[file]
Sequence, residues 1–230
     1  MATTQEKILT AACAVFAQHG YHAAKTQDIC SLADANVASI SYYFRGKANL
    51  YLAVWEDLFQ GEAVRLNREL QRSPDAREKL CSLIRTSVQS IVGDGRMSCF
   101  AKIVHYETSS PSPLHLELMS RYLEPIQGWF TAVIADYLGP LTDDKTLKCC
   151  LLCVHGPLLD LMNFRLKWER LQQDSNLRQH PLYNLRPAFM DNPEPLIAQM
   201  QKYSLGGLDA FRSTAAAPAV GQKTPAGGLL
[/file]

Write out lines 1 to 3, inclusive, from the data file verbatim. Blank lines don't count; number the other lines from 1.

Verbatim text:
Sequence, residues 1–230
     1  MATTQEKILT AACAVFAQHG YHAAKTQDIC SLADANVASI SYYFRGKANL
    51  YLAVWEDLFQ GEAVRLNREL QRSPDAREKL CSLIRTSVQS IVGDGRMSCF